Gosh, what a job we have as teachers, eh? To be forming cultural norms in such way...what a big job! I have a friend who, whenever she hears the word used, immediately asks, "Um, I'm sorry how does [inanimate object or action] have a sexual preference/identity? Pretty sure it can't."

On a separate note, I actually wrote up a personal journal entry about that particular episode (different blog) because I didn't think they were totally fair to Finn's character. You said Kurt used to have a crush on Finn but I beg to differ; I think it's pretty obvious he still does. On another separate note, I think it's funny how they've kind of forgotten about Mr. Shue as a Spanish teacher (except when kids come to see him in his "office"...wish I had one of those! lol). I wish they'd do more with the fact that he's the Spanish teacher teaching Glee club. Where's the band/chorus teacher and how does s/he feel about this??

HappyChyck said...

I saw this episode, but watching just this scene in isolation really got to me.

I am not sure my students are watching Glee, but the whole show is just so powerful!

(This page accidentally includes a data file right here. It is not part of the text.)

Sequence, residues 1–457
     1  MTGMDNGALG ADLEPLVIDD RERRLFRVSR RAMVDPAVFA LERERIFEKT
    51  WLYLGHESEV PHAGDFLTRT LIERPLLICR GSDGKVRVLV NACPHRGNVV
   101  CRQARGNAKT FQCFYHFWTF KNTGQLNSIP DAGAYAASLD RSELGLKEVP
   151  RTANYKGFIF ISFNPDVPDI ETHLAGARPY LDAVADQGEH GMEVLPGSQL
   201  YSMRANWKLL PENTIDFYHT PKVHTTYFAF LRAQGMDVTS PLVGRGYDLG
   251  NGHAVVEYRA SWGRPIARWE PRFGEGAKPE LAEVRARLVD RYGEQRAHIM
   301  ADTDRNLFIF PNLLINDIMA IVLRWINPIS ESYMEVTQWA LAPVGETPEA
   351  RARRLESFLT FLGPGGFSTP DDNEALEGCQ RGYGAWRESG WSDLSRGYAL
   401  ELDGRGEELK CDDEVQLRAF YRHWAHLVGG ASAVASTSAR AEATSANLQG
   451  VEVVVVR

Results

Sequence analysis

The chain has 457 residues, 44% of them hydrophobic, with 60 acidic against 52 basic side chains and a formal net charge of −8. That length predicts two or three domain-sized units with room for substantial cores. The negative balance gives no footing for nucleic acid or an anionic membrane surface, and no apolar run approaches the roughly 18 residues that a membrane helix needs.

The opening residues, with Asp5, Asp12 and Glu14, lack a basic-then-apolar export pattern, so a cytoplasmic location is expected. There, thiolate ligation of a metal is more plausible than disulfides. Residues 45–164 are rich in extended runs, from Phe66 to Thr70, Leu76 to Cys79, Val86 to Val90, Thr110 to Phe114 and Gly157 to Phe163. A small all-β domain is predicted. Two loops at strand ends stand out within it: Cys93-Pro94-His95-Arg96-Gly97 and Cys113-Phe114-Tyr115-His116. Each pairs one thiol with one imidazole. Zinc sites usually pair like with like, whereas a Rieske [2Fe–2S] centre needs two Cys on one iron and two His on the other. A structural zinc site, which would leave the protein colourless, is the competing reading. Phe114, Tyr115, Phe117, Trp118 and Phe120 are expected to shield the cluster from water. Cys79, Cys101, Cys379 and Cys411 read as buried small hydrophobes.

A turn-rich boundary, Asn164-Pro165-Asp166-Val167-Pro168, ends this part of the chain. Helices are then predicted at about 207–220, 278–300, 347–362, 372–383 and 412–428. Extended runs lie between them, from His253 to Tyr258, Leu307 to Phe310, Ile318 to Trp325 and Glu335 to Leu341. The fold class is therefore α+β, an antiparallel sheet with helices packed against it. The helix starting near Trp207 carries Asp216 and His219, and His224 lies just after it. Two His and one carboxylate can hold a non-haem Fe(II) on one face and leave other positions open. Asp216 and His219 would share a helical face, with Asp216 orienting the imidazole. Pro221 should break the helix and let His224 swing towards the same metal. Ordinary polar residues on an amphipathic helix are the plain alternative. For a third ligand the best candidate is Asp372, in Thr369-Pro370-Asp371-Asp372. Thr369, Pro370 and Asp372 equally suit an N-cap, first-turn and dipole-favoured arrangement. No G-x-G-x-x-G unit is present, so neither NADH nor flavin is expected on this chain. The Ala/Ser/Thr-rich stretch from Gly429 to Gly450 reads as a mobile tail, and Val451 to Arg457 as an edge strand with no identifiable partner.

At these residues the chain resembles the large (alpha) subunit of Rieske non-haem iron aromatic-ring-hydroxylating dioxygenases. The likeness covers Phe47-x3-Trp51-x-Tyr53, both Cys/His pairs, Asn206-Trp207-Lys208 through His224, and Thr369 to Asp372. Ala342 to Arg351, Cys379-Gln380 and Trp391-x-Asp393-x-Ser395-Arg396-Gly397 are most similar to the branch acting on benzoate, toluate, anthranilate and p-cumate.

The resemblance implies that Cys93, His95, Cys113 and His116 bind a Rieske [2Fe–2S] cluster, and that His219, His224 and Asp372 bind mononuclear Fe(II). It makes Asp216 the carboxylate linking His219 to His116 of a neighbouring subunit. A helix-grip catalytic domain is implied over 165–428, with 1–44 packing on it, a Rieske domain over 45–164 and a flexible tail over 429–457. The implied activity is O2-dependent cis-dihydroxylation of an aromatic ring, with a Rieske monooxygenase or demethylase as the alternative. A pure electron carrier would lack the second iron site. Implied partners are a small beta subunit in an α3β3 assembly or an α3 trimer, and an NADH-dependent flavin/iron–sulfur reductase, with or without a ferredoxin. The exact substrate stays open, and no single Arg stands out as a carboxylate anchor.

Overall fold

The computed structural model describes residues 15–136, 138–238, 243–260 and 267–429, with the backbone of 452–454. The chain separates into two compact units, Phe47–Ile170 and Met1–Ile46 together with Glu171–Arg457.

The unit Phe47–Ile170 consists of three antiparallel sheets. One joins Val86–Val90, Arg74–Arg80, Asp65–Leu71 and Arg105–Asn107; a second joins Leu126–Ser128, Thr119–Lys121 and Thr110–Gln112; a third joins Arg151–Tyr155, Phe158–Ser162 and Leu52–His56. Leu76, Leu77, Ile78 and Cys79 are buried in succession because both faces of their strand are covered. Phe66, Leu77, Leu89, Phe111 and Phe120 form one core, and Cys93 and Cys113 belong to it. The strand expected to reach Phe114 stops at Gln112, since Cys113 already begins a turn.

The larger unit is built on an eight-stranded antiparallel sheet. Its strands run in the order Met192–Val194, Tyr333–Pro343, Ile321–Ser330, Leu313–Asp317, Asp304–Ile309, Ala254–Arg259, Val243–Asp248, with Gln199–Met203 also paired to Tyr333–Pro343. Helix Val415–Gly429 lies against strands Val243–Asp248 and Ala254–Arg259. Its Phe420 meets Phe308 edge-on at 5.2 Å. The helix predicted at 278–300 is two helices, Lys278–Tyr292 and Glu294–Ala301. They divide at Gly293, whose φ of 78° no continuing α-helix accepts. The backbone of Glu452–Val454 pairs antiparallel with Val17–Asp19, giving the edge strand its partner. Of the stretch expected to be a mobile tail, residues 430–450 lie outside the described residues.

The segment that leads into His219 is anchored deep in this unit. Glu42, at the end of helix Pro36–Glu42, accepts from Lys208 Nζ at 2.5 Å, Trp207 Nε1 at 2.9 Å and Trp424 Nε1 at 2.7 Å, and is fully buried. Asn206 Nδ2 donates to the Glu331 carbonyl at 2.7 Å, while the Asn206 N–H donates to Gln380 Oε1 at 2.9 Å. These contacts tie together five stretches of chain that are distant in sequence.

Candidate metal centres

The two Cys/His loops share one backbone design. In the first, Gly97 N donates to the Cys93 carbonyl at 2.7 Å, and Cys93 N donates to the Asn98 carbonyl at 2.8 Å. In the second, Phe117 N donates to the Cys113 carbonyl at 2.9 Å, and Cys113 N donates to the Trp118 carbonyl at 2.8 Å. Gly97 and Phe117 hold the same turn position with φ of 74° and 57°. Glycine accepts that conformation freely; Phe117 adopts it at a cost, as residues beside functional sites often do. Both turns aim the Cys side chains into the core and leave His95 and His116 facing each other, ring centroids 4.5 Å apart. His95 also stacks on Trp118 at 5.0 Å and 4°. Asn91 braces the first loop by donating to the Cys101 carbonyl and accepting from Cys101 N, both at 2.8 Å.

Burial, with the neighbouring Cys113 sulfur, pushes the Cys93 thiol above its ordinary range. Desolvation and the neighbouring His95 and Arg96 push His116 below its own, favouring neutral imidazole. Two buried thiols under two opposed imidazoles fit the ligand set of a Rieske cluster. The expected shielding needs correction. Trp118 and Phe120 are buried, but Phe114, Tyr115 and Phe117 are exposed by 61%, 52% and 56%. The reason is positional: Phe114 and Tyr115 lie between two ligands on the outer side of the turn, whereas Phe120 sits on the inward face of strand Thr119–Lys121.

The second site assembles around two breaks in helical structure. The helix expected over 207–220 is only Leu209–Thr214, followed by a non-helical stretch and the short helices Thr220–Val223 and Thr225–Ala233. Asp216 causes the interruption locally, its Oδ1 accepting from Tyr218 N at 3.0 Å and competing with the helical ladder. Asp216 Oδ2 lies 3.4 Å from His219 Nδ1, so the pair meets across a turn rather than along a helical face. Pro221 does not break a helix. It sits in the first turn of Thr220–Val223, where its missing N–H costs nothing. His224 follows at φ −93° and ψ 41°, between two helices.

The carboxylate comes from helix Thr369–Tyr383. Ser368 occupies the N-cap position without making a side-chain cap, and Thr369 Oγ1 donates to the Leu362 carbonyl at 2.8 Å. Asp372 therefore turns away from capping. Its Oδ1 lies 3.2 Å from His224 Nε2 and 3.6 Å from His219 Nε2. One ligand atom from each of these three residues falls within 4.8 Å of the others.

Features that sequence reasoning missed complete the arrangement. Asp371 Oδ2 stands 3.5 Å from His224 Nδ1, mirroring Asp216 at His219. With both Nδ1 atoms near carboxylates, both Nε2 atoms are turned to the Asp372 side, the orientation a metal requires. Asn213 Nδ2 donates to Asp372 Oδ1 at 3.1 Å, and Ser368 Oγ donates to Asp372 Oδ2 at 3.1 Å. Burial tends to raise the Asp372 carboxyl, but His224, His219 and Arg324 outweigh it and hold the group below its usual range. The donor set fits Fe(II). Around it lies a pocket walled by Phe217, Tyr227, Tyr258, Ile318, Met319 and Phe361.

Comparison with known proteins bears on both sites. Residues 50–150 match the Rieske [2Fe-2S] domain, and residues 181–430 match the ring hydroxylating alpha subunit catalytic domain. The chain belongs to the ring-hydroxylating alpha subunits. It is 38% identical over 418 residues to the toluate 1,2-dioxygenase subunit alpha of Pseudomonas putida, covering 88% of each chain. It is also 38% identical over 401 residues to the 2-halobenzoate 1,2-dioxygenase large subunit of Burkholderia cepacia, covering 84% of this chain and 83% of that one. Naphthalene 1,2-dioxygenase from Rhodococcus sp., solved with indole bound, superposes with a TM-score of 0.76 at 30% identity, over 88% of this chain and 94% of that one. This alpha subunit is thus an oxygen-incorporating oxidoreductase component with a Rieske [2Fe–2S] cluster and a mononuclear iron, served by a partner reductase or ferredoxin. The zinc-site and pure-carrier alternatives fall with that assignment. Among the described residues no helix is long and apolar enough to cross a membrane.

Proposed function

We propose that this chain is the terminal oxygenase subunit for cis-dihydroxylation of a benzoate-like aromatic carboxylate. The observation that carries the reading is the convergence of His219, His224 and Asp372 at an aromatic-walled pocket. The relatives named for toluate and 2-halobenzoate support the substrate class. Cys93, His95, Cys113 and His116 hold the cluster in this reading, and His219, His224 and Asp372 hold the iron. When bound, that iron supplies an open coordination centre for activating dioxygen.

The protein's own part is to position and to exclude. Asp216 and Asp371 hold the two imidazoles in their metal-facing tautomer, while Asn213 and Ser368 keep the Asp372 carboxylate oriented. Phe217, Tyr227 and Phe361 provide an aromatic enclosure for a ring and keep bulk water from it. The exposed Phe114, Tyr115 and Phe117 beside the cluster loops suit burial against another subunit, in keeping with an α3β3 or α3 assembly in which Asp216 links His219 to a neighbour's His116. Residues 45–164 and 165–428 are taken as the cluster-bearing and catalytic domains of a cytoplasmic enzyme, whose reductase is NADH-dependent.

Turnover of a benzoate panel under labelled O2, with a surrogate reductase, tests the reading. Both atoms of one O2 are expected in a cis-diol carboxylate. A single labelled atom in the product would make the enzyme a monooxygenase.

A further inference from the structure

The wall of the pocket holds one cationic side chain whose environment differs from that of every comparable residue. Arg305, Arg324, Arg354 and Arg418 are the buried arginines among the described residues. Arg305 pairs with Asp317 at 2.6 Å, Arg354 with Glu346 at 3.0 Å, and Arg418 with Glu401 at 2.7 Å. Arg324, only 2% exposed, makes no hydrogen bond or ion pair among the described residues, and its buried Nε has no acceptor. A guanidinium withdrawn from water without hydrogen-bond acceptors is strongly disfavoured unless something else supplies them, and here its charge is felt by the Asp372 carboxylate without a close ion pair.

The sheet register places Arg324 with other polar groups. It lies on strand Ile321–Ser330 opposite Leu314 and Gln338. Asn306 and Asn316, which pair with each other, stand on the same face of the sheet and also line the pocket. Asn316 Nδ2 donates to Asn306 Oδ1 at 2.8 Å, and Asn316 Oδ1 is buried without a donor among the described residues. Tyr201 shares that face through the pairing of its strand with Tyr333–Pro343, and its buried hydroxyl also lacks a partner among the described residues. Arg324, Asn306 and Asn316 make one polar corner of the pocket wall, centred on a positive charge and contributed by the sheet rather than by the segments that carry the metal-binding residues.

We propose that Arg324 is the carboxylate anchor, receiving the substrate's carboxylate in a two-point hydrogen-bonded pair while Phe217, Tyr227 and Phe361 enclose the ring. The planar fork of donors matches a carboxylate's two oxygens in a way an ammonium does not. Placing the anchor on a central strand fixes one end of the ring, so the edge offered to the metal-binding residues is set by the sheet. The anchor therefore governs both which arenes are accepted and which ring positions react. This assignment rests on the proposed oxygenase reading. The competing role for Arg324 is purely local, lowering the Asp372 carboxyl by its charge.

Rachel said...

Side note: You rec'd a Civil War historical fic YA novel by the title Second Sight. Do you know the author by chance?

Teacherfish said...

I went to a workshop once where the presenter suggested the line, "I find your use of that expression personally offensive."


although I do not remember much about the workshop- I can report that using the line is very effective for me. It does generate some questions about my sexuality, which I do not answer (although many students have met my husband and kids).

Sometimes when a student uses the expression- I hear from the back "you are personally offending Ms. Teacherfish." I think its about honesty- and taking ownership for my feelings- actually I don't know why it works- but it really does.

We just started the two week counted down to start of school. Payoff for ending on June 8.

"I'm a dreamer but I ain't the only one Got problems but we love to have fun" -K'naan, "Dreamer"

I teach eighth grade Language Arts at an urban school. My kids kick ass and will change the world. I want everyone to know.